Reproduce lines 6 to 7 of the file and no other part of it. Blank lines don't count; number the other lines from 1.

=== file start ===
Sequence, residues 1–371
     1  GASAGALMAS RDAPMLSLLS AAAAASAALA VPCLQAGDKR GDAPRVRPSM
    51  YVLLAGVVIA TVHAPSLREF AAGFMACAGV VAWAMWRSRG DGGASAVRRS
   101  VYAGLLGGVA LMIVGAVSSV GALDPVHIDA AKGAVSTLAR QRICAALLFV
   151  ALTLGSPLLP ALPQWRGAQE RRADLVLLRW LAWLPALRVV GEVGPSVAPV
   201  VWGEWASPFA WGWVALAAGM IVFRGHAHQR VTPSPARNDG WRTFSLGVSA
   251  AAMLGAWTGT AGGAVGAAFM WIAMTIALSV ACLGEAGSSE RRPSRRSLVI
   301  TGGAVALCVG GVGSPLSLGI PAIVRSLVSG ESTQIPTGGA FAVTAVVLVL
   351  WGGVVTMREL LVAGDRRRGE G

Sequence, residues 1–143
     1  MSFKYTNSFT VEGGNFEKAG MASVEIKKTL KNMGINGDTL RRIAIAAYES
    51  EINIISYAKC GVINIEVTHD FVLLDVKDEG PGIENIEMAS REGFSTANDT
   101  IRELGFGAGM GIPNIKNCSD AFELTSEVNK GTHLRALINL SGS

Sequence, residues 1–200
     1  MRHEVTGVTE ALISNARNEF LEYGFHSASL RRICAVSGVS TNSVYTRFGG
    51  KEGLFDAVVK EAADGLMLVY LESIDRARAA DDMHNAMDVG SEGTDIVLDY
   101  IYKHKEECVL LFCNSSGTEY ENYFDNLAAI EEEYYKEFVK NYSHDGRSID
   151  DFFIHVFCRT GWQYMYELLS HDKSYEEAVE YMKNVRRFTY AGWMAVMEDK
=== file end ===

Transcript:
   201  VWGEWASPFA WGWVALAAGM IVFRGHAHQR VTPSPARNDG WRTFSLGVSA
   251  AAMLGAWTGT AGGAVGAAFM WIAMTIALSV ACLGEAGSSE RRPSRRSLVI